This is typically the time of year where I write some dirge-like post on how we're going to miss college football so much and how we're now going to have to mindlessly wander through the arduous desert that is the college football offseason. I would typically include some image of a barren wasteland, one which represents the NCAA football free months of February through August - one like this.
But not this time. I'm glad this past football season is over. Like a horrible movie you'd wind up watching for some graduate-level sociology class ("Sexual Identity in Post-Industrial Canada" or some other useless gibberish), I stuck around to the bitter, nonsensical end - but only because I felt as if I had to, and not particularly because I wanted to.
As I sat, sunk into a corner of my couch donned in my bloggeur uniform*, watching every minute of Alabama's absolute dismantling of LSU in front of a half-horrified Superdome crowd, I couldn't, in any form, muster up much excitement - not even for the sport of football itself. I knew that, whatever I saw, I wouldn't particularly enjoy its outcome or the process by which said outcome were to come about.
But I don't blame that on the fact that yet another SEC West team not named Ole Miss would be celebrating significant success in a sport - any sport. I blame that on the fact that this past football season was potentially the least memorable or interesting we've observed in a long, long while.
To be succinct, the 2011-12 football season sucked. A lot. And I highly doubt its successors will ever be able to outdo it. No doubt there were some high points to this season here and there. RGIII worked wonders at Baylor and came virtually out of nowhere to win a Heisman Trophy. Wisconsin's Montee Ball tied Barry Sander's long-standing rushing touchdowns record. Big performances by Trent Richardson, Denard Robinson, Justin Blackmon, Andrew Luck, and others provided plenty of Sportscenter highlights fodder.
But ultimately, this season will be remembered as the season that saw the demise of Joe Paterno, both as a coach and in the public eye, and the season which marked the beginning of the end of the BCS system as we know it. The former was a tragic, shocking, disgusting end to one of the most distinguished careers in all of coaching; the latter is an inevitability. Unfortunately for the collective memory of the college football watching populace, 2011 will be remembered by it's two biggest controversies, and not by the few moments which actually provided us with good, entertaining football.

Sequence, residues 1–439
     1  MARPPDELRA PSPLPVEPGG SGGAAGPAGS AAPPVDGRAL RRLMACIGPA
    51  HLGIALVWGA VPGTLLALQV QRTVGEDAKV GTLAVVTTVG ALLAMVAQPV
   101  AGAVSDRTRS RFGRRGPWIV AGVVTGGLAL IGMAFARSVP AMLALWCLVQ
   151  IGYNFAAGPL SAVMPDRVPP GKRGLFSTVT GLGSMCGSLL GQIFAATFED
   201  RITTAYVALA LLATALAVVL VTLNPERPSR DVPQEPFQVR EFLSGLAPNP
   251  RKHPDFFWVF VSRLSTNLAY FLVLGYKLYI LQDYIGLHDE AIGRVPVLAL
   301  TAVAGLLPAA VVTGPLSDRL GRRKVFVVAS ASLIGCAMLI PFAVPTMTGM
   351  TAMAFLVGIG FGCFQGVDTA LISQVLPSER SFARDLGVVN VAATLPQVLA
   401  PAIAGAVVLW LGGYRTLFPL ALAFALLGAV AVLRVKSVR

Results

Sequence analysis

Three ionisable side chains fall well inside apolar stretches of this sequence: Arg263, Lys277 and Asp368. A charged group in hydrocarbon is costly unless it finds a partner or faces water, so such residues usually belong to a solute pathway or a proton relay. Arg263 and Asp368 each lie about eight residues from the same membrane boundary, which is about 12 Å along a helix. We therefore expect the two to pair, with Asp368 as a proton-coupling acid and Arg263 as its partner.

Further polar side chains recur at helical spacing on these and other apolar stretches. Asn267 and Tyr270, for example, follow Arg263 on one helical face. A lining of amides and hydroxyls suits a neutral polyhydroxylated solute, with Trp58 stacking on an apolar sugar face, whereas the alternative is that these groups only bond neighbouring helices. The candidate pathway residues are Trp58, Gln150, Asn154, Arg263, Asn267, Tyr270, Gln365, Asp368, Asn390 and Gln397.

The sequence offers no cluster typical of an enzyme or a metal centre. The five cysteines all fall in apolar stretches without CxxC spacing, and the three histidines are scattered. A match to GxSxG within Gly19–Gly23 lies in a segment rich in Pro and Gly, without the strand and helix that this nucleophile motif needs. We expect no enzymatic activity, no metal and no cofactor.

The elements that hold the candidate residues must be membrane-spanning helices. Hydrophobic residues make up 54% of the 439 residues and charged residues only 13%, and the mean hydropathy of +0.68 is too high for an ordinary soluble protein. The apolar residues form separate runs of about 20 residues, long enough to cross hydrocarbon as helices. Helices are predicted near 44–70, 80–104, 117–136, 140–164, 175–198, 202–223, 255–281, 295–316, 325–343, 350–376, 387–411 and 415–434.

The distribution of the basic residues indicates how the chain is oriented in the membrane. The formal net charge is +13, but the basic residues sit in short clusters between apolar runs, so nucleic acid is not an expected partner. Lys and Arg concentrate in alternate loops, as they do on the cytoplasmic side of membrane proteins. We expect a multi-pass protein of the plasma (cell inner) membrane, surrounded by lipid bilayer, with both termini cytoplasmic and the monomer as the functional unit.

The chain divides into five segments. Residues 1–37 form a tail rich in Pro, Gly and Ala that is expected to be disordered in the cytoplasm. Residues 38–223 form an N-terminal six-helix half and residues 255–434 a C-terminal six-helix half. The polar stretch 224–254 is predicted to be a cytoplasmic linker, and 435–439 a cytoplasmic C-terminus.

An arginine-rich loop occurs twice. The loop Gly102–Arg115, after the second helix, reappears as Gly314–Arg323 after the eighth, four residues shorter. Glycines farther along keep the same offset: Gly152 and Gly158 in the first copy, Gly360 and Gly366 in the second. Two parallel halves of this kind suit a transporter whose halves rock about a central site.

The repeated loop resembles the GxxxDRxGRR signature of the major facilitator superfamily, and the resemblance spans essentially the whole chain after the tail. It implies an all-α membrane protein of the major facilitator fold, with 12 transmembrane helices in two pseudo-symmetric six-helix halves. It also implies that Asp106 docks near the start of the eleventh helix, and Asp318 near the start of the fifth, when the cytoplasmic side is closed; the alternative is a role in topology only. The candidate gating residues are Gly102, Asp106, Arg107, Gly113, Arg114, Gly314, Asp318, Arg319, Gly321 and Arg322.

With Alabama, a team which wasn't even the winner of its own conference division, playing and defeating a team, to which it had previously lost, in the BCS National Championship Game only served as yet another reminder to the inefficient, chaotic, and somewhat arbitrary system of conferences and bowls we've enjoyed in college football for a few generations now. Even in spite of the difficulty of accepting a national champion that wasn't even its own conference's champion, though, could anyone reasonably argue that LSU and Alabama were somehow not the two best football teams in America this year? Could anyone reasonably argue that some other team would have served as a worthy opponent to either LSU or Alabama?
Oregon? Wisconsin? Oklahoma State? Boise State? All boasted resumes which were less impressive than Alabama's, despite their being champions of their respective conferences. But, even then, the national outcry over a national championship game coming down to a rematch of an annual regular season occurence will be enough to implement a pseudo-tournament of sorts to determine future champions.
And to Oregon, Wisconsin, and Oklahoma State, why did you have to do shit like lose to USC, Ohio State, and Iowa State (Iowa fuckin' State) before demanding what you saw as your just desserts? Honestly, now, because you couldn't take care of some of the easier opponents on your schedule (Oregon's loss to USC aside - they were a great team this year, probation aside) we have to hear a bunch of Alabama fans stammer on about "WE GOT FOURTEEN", even though they know damn well that a good chunk of those fourteen titles are dubious distinctions at best, and as if the more legitimate claim of nine national championships is somehow not good enough - a phenomenon which speaks to the general gluttony of the Alabama fan base, as best evidenced by the houndstooth painted Hoverrounds peppered throughout the Yellowhammer State's Dollar General stores.
Then there's the whole matter of Houston Nutt damn near delibeately sabotaging the Ole Miss football program through a highly coordinated effort of not-giving-a-flying-two-shits-worth-of-a-fuck and "sipping tea with Diana" or whatever nonsense he blathered our way a few months ago. When considering just how awful the Rebels were this year, it makes it nearly impossible for those of us who, against our own self-interests, continue to wear the red and blue of Ole Miss every autumn Saturday, I can't truly fathom any way I could have found this past football season all that enjoyable, nor can I muster up the courage to enthuse myself over the future.
In short, the 2011-12 college football season has jaded me, a lot. I just don't get so excited about college football anymore. It's beautiful, unique, and potentially a lot of fun to experience; it's also corrupt, flawed, and the odds-on favorite to lead towards my early death.
I know it won't take much for me to get over this. Signing Day, practice reports, and even a smooth, slow sip of Maker's Mark out of a red, disposable drinking vessell will, again, get me excited for college football. But, until then, bring on
basketball baseball season.
*A dirty bathrobe